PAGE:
Shares of Fairmount Santrol Holdings (NYSE:FMSA) are down 15% as of 11:15 a.m. EST today after the company released fourth-quarter earnings. Fairmount's earnings were similar to those of almost every other frac sand producer this past quarter: big gains in volumes but little change to the bottom line.
One would think that after every other major frac sand producer reported that they had seen large upticks in sand volumes in the fourth quarter but little in terms of profitability, Wall Street would have expected similar results from Fairmount Santrol. That wasn't the case, though. The company reported that volumes of frac sand shipped in the fourth quarter were 1.8 million tons, up 5% sequentially and up 35% compared to the fourth quarter of 2015. The reason that we didn't see similar gains in revenue, though, was that prices for sand in the fourth quarter were lower than this time last year, as the company was selling under much more favorable contracts in 2015.
The company also noted that costs of goods sold were higher in the prior quarter, but that has been a pretty common theme among Fairmount's peers, too, as all of these companies restart idle sand mines to meet rapid growth in demand. As those mines get back to full capacity, the fixed costs for running mines will be spread out among a larger revenue base, which will likely lead to higher margins.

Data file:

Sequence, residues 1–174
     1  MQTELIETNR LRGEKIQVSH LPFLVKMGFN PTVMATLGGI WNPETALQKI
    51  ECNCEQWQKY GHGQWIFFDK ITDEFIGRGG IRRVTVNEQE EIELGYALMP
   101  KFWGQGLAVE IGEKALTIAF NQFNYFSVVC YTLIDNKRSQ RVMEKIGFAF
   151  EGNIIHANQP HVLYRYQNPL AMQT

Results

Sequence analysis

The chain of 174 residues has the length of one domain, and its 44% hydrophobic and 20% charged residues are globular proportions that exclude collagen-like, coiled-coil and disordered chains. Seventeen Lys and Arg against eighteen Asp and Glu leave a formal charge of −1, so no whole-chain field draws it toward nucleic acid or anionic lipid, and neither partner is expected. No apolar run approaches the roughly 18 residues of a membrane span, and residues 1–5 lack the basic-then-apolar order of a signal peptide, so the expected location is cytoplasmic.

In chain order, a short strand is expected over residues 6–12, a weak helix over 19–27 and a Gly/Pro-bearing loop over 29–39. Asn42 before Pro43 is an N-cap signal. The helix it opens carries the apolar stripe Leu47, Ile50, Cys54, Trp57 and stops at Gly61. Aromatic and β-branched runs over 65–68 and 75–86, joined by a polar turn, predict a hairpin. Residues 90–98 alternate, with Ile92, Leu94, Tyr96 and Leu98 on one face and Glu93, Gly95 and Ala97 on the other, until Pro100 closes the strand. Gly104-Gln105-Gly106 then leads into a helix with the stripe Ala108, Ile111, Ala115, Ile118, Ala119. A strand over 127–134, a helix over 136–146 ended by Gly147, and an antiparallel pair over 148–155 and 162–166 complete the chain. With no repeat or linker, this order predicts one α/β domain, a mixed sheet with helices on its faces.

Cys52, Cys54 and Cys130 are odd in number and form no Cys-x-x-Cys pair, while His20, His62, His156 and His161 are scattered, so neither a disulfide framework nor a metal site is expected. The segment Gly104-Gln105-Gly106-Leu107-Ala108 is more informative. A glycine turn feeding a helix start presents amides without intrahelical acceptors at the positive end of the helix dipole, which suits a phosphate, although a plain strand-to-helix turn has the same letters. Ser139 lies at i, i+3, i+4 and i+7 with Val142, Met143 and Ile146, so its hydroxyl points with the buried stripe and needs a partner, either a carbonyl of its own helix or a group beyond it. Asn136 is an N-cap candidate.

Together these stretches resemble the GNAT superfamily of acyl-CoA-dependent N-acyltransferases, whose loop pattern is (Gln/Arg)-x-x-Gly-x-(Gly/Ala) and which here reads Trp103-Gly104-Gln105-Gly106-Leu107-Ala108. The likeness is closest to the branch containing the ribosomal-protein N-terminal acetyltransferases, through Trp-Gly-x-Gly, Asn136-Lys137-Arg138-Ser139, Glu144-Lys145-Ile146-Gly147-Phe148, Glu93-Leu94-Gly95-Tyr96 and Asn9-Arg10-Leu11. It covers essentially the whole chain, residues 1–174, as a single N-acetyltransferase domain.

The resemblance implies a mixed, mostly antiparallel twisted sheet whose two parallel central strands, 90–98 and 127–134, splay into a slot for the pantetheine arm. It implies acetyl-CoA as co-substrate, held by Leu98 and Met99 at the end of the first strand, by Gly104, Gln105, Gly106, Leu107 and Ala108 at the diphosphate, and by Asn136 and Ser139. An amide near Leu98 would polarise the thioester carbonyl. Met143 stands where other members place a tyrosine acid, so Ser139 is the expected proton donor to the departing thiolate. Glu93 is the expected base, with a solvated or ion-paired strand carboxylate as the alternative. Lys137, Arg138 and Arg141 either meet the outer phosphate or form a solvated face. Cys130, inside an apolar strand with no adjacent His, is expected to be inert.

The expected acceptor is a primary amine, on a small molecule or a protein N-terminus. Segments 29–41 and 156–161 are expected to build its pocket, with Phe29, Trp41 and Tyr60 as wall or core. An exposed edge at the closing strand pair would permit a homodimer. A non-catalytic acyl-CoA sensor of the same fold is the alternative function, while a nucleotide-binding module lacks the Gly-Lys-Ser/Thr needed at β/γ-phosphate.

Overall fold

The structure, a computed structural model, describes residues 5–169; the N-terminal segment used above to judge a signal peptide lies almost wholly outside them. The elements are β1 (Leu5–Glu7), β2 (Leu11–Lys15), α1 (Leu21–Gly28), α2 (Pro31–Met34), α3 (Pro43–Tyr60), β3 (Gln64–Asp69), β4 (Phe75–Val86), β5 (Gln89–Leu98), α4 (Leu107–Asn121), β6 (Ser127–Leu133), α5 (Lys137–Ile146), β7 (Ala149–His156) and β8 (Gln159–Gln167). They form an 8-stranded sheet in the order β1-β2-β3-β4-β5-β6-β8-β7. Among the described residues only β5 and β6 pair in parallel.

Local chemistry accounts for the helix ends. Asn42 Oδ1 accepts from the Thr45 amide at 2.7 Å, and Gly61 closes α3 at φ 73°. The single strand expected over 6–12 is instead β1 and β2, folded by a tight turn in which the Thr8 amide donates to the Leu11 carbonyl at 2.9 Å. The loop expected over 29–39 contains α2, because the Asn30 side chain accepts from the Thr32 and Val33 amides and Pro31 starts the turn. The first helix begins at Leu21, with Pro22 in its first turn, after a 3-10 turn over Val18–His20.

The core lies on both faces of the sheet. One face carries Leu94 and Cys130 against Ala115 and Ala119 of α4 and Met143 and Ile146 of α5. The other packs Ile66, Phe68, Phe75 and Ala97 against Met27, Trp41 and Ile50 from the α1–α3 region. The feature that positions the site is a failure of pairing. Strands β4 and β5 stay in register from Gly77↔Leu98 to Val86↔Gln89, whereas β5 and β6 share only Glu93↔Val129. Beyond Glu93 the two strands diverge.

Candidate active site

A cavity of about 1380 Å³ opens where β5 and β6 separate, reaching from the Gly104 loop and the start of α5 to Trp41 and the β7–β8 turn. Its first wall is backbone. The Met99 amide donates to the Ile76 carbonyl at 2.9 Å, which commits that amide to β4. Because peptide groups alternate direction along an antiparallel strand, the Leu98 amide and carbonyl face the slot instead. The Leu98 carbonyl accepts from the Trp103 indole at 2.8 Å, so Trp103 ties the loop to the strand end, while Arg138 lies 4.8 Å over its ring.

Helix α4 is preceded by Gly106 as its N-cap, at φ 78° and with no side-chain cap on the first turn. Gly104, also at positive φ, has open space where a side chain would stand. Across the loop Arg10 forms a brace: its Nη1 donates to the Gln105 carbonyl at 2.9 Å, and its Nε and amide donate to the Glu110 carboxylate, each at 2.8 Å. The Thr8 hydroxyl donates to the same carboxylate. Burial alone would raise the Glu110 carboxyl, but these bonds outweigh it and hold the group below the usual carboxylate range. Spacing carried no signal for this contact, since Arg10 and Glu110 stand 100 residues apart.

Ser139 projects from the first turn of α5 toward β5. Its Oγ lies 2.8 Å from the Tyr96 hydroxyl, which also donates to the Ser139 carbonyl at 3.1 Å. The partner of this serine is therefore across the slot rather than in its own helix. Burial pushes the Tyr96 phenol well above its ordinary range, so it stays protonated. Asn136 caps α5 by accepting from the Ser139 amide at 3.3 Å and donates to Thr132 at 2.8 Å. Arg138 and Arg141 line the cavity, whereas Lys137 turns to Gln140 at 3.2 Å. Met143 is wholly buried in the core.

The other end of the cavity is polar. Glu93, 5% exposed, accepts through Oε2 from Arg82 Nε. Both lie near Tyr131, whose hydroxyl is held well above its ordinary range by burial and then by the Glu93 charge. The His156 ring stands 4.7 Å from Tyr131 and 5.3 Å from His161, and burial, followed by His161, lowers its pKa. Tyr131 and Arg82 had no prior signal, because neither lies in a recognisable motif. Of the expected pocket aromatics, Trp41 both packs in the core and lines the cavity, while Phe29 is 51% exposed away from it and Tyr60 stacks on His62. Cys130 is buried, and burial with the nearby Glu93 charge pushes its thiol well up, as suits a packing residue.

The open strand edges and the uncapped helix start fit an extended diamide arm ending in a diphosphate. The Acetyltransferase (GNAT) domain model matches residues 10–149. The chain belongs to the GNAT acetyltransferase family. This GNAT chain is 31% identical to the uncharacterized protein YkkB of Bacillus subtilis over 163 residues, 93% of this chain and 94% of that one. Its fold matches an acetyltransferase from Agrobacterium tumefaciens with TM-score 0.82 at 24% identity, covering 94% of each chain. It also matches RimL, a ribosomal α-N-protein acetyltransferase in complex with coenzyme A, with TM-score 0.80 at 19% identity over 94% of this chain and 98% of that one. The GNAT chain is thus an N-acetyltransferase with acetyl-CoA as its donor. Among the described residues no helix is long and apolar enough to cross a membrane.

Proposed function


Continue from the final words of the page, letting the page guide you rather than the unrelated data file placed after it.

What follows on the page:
Based on the performance of Fairmount's peers, it's hard to see why this earnings report came as a surprise. The results were pretty much par for the course in the frac sand industry today, and there was plenty of heads-up from other producers that we were likely going to see higher volumes with stagnant sales prices and continued losses at the bottom line.
In the longer term, though, things are looking up for the company. It used an equity issuance in the fourth quarter to pay down some debt and clean up its balance sheet, it has plenty of room to add production capacity by starting up idle mines, and frac sand demand per well is growing so fast that the total number of wells drilled doesn't need to come anywhere near pre-crash levels for the overall demand for sand to get back to strong levels. Fairmount still has some work to do, but getting rid of shares after this earnings report seems a bit shortsighted.